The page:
Kumar, P. R.
Overview
Works:  75 works in 110 publications in 1 language and 1,029 library holdings 

Genres:  Conference proceedings 
Roles:  Author, Editor, Other 
Classifications:  QA402, 003 
Publication Timeline
.
Most widely held works by
P. R Kumar
Stochastic systems : estimation, identification, and adaptive control
by
P. R Kumar(
Book
)
7 editions published in 1986 in English and held by 315 WorldCat member libraries worldwide
7 editions published in 1986 in English and held by 315 WorldCat member libraries worldwide
Adaptive control, filtering, and signal processing
by
Karl J Åström(
Book
)
8 editions published in 1995 in English and held by 200 WorldCat member libraries worldwide
The area of adaptive systems, which encompasses recursive identification, adaptive control, filtering, and signal processing, has been one of the most active areas of the past decade. Since adaptive controllers are fundamentally nonlinear controllers which are applied to nominally linear, possibly stochastic and timevarying systems, their theoretical analysis is usually very difficult. Nevertheless, over the past decade much fundamental progress has been made on some key questions concerning their stability, convergence, performance, and robustness. Moreover, adaptive controllers have been successfully employed in numerous practical applications, and have even entered the marketplace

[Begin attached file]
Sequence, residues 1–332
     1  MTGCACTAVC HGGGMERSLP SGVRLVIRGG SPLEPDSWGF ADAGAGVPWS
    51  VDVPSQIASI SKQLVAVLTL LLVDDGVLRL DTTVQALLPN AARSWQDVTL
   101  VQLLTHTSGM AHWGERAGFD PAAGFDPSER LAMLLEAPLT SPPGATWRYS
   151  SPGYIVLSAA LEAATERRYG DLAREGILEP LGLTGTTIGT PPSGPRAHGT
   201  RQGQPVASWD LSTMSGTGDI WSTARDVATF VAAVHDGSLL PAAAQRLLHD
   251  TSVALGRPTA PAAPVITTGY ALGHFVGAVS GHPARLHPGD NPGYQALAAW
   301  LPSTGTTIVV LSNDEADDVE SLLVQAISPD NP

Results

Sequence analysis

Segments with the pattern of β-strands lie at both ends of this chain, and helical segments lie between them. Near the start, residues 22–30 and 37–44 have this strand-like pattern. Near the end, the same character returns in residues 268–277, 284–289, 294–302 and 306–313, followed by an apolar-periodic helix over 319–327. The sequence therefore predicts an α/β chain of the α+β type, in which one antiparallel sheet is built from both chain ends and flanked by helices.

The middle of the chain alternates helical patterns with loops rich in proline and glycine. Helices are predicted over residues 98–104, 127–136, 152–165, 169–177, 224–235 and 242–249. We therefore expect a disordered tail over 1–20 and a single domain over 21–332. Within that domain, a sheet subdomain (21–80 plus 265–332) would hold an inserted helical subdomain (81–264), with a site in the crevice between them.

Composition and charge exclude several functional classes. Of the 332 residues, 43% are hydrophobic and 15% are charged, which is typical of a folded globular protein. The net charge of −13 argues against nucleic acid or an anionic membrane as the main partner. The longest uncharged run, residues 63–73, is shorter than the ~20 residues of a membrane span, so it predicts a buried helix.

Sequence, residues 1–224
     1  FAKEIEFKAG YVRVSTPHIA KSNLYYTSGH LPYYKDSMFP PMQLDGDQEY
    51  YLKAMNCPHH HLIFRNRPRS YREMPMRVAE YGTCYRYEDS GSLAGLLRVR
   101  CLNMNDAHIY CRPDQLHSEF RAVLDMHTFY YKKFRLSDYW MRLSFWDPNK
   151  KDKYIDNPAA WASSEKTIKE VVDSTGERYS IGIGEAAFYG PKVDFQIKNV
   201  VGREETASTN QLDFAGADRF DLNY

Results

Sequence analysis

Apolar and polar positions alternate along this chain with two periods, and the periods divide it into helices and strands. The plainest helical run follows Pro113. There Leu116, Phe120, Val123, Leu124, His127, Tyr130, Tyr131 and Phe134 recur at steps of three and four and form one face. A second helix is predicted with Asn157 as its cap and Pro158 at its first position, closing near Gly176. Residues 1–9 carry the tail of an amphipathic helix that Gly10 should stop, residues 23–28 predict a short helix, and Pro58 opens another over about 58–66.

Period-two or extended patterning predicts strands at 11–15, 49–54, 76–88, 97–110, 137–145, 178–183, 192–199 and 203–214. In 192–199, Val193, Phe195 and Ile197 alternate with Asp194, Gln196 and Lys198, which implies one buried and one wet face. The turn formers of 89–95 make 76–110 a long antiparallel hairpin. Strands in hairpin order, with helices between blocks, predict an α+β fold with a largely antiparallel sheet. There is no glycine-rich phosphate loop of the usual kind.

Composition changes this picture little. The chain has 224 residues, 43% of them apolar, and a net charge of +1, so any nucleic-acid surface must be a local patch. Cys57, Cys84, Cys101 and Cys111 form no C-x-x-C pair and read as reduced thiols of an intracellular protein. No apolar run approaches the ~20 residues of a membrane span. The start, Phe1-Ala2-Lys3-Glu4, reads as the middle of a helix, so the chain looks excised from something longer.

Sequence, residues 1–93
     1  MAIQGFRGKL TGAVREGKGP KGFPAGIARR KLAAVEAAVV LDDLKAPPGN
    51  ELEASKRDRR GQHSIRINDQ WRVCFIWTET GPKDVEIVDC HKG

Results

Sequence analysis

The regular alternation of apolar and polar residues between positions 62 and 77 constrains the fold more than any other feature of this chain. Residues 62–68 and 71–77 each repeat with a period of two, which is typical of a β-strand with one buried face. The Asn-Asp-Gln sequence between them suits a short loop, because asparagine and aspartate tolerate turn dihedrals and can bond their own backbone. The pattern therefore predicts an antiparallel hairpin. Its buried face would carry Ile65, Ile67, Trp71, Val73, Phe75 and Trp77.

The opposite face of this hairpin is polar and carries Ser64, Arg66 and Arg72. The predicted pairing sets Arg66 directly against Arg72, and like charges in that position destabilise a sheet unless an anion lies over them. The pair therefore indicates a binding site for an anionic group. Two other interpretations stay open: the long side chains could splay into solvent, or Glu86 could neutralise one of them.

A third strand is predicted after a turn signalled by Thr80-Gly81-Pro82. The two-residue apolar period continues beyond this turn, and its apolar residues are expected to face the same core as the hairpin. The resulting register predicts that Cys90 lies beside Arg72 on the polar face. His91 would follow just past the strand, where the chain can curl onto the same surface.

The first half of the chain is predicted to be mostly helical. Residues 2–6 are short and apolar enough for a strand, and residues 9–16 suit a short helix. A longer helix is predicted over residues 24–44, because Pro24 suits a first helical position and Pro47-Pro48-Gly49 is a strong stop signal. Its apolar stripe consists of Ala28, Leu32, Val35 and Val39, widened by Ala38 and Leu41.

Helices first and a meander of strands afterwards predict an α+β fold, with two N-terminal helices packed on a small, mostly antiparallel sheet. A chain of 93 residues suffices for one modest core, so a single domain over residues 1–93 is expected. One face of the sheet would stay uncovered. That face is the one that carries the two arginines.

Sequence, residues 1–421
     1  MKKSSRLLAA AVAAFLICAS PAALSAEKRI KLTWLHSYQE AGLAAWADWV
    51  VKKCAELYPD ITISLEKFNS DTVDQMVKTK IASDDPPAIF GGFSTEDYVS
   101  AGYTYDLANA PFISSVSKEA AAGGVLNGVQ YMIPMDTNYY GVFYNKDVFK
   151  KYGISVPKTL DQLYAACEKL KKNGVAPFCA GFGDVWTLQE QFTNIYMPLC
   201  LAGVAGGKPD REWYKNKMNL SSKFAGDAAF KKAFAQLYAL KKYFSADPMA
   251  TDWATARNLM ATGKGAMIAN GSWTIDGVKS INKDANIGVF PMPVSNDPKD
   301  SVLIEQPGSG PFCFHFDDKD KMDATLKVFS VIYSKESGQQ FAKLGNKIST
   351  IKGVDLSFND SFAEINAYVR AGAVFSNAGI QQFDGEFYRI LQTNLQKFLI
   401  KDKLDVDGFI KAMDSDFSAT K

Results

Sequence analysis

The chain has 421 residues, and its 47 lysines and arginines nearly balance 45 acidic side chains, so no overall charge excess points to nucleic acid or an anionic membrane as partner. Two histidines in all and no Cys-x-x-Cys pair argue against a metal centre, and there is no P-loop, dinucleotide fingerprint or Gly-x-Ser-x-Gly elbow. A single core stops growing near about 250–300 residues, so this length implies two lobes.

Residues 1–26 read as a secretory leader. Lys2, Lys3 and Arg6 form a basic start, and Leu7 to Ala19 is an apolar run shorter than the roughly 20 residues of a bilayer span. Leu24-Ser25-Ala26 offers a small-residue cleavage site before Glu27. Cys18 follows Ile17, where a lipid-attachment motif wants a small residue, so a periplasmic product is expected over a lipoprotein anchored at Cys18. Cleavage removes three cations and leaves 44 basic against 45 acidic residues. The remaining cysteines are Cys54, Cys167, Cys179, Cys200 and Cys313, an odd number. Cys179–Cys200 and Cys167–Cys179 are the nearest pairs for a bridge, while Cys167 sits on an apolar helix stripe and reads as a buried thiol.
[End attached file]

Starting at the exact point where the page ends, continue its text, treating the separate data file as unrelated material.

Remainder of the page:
8 editions published in 1995 in English and held by 200 WorldCat member libraries worldwide
The area of adaptive systems, which encompasses recursive identification, adaptive control, filtering, and signal processing, has been one of the most active areas of the past decade. Since adaptive controllers are fundamentally nonlinear controllers which are applied to nominally linear, possibly stochastic and timevarying systems, their theoretical analysis is usually very difficult. Nevertheless, over the past decade much fundamental progress has been made on some key questions concerning their stability, convergence, performance, and robustness. Moreover, adaptive controllers have been successfully employed in numerous practical applications, and have even entered the marketplace
Discrete event systems, manufacturing systems, and communication networks
by
P. R Kumar(
Book
)
5 editions published in 1995 in English and held by 169 WorldCat member libraries worldwide